Three Myths About Public Transportation

We Americans love our automobiles, which may be why we have so many prejudices and here are a few myths about public transportation.

Ask just about anyone, and they’ll be happy to tell you a few myths about public transportation. Sadly, most people happen to believe them — generally without ever having experienced any kind of public transportation system at all. For many who have, their experiences with it are minimal, at best.

In this article we’ll take a look at some general public transportation myths. This isn’t about whether a particular public transportation system is dirty or run down; that’s a function of good maintenance and decent management, as with any system. The myths we’ll look at are applicable anywhere, anytime.

Myth 1: Public transportation is only for poor people.

Certainly people of limited means are more likely to embrace public transportation than anyone else, simply because it’s reliable and saves money on auto-related costs. But this myth about public transportation is clearly mistaken if you take a look at the biggest examples.

In New York City, Tokyo, and other cities where public transportation has long been a part of the infrastructure and has really taken hold, nearly everyone uses it. It’s an integral part of the city, it’s easy to find, it’s cheap, it can take you just about everywhere, and it’s a lot easier than trying to deal with inner city traffic.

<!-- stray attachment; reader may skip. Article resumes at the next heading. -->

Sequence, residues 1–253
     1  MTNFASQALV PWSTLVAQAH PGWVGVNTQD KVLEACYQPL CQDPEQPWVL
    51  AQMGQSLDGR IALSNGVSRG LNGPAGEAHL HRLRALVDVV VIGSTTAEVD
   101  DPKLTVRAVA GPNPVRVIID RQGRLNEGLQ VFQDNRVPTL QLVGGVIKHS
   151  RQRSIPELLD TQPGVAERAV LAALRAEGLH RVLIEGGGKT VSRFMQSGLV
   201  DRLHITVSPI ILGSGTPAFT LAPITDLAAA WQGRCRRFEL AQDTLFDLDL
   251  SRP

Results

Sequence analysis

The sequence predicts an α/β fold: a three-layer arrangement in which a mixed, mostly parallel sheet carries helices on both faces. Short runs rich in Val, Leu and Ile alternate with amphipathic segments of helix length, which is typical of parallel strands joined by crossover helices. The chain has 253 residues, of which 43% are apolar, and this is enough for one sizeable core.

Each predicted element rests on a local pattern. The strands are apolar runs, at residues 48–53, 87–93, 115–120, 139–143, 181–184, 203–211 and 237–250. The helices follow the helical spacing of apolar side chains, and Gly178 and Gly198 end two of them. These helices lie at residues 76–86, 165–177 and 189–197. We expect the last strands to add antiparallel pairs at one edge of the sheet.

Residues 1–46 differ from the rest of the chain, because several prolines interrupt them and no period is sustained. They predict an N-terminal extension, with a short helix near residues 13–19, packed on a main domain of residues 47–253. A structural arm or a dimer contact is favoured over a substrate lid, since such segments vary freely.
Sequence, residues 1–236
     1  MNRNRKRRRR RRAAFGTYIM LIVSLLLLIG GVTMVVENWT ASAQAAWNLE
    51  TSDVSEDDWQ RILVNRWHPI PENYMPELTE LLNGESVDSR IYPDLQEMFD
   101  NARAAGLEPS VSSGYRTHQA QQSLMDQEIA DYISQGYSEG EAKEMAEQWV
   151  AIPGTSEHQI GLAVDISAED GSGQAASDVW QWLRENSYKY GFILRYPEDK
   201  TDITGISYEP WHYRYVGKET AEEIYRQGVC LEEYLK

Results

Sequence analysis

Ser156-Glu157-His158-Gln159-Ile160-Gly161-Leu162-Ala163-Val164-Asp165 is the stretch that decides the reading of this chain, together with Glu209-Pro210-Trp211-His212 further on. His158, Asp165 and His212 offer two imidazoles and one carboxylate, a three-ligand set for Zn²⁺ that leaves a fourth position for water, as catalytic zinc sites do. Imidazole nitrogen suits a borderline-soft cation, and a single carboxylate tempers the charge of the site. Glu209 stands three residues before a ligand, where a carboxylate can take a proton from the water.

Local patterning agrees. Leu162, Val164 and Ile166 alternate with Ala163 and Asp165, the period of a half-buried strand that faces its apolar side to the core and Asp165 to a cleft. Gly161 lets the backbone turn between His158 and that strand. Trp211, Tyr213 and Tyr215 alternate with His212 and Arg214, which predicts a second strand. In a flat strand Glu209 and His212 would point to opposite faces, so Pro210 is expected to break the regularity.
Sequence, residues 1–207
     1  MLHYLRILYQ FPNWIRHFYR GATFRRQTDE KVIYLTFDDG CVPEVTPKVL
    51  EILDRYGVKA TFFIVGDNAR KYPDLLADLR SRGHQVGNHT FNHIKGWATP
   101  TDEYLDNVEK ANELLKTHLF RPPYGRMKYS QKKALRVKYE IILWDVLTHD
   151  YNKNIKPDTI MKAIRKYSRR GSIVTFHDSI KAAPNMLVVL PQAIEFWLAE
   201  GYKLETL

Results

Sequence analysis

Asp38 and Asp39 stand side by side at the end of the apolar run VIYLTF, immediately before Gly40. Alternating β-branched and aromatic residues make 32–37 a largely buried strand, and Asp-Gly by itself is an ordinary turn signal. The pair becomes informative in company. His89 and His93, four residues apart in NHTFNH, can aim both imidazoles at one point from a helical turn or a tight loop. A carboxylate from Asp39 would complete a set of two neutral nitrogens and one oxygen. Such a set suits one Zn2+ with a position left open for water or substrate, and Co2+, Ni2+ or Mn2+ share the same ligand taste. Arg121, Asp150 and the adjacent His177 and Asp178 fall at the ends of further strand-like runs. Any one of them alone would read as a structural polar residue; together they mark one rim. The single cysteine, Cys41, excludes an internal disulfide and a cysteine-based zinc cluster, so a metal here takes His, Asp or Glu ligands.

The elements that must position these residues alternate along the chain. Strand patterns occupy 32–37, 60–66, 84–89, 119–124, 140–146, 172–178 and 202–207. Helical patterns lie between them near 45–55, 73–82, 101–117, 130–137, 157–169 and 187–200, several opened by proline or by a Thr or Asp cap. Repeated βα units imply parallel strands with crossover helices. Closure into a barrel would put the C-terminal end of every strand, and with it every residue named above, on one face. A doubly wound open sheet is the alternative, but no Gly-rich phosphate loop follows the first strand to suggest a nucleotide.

Myth 2: Public transportation doesn’t save all that much money and resources.

Well, let’s see. Until recently, gasoline cost more than $4 per gallon, and it’s not unreasonable to expect the prices to climb that high again. Then there’s parking, traffic, registration, insurance, maintenance, and…well, you get the idea. This myth about public transportation doesn’t make much sense if you think about it.

Clearly, it’s less expensive and uses fewer resources to ride the train or bus than to drive a car. Can you really argue, with a straight face, that multiplying that by millions of people doesn’t save money and resources? Didn’t think so.

This myth about public transportation is an argument used by those opposing new transport systems, but it’s a cover for the true difficulties faced in getting them built. One such difficulty is public inertia; people don’t really want to change, no matter how congested the streets are. A second is politics.

Most metro areas are comprised of many small municipalities, all of which have to be appeased to get anything like this done. Finally, putting together a good public transport system is neither cheap nor fast, and people have to pay for it out of their taxes while they watch the work creep along. Nobody cares much for that.

Myth 3: Public transportation is too slow.

By American standards, it probably is. But then, we’ve gotten accustomed to everything being fast, and are looking for instant gratification. Public transportation isn’t perfect, but it’s reliable. If this myth about public transportation has any truth at all, it’s because we’re a little spoiled by speed.

And there you have 3 busted myths about public transportation!